JOB DESCRIPTION - a document giving details of the tasks, responsibilities, skills and competences for a
particular role. Used to ensure that the employee is clear on their role within the business. The Job
Description is also used in the recruitment process to select the best candidate to fill the vacancy.
JOB EVALUATION - the systematic process of comparing jobs within an organisation with the view of
determining the value of that role. Most commonly used for pay structures.
KPIs - Key Performance Indicators. This could be used with individuals, teams or for the business overall. It
is a system of measuring performance from statistics and data.
LAYOFF - a temporary termination of employees during an economic downturn or restructure of a business,
employees would retain employment rights and continuity of service.
LEGISLATION - laws created by Government with the aim of setting rules that protect employees and
employers. Case Law can also impact the way employment law changes.
LIVING WAGE - The Living Wage is calculated according to the basic cost of living in the UK. The current
UK Living Wage is £8.25 an hour. The current London Living Wage is £9.40 an hour. Employers choose to pay
the Living Wage on a voluntary basis and can be accredited through the Living Wage Foundation
MENTORING - a learning partnership between two employees with the aim of guiding, training and
developing a less experienced employee. A senior, knowledgeable and experienced employee will usually
act as the mentor.
MINIMUM WAGE - the government sets a lower level of earnings that employers must adhere to. The levels
are reviewed annually, the latest introduction of a National Living Wage will apply to employees aged over 25
OUTSOURCING - and agreement between an organisation and a third-party company to provide services,
such as Human Resources, Payroll, Training and Benefits etc.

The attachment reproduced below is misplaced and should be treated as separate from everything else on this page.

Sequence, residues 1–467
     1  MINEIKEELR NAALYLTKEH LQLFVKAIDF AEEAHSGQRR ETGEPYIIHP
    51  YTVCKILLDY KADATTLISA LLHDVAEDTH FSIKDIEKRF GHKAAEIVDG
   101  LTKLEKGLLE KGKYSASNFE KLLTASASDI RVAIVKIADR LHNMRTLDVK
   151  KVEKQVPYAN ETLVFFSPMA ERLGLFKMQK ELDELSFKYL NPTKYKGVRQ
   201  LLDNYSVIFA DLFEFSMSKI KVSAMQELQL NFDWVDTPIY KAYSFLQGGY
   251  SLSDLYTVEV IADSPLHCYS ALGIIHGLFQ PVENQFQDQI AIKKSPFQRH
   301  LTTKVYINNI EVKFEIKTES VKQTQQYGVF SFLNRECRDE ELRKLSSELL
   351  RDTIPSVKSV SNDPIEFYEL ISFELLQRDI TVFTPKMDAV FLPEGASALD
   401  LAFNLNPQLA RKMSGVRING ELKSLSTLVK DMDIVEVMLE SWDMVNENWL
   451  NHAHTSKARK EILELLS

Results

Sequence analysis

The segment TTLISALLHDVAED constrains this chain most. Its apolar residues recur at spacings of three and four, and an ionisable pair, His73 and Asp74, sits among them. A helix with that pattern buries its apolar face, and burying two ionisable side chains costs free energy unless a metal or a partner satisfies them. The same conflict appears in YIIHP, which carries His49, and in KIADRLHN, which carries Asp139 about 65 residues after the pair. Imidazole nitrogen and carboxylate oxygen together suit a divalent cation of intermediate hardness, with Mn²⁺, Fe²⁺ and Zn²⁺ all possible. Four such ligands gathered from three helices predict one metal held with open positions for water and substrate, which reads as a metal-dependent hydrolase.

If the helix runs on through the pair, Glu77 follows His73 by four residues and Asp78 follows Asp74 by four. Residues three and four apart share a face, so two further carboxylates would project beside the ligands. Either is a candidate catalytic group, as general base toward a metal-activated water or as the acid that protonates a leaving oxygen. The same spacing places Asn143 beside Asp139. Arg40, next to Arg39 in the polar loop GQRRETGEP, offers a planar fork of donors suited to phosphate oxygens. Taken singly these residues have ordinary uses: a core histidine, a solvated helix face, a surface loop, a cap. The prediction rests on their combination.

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10. Page 6
Check the status of your new worker – employee or contractor?
Register with the HMRC as an employer.
Recruit the person - decide what the employee will do and how you will recruit
Decide how much you will pay your new employee and does it meet National
Minimum Wage/National Living Wage.
Decide how you will run your Payroll.
Check your Auto enrolment obligations to provide the employee with a
Check your new employee has the right to work in the UK.
Do you need to carry out background checks, referencing or Disclosure and
Ensure you are covered with Insurance – Employee liability; Management
Provide new employee with a Contract of Employment and Job Description.
Provide your new employee with an Employee Handbook, including policies and
Provide appropriate Health and Safety measures
Register for Data Protection or update your existing registration.
Provide the new employee with an induction programme to help them settle in
and pass probation.
11. PILON OR PAY IN LIEU OF NOTICE - this is used when an employer ends the employment of an employee
and does not wish the employee to work their notice period. The payment may be subject to normal Tax
and National Insurance deductions, this is usually dependent on the employment contract and practices of
POSITIVE ACTION - where an employer feels there is a disadvantage or under-representation of a particular
group within their workforce, they may through the recruitment or promotion process select a candidate
from the under-represented group when faced with two or more equally qualified candidates. Selection
should be a proportionate way to address the under-representation. There is no obligation for an employer
to use positive action.
PROBATIONARY PERIOD - initial period of employment where both employer and employee can decide
whether the job is right for them. This is a period when the employer set's expectations and measures
performance of the new employee and is used to resolve any issues that occur.
PROTECTED CHARACTERISTICS - the following are characteristics that are protected under the Equality Act
2010 and make it unlawful to discriminate against a person or group of people with a protected
PSYCHOLOGICAL CONTRACT - the mutual trust and confidence between employer and employee. These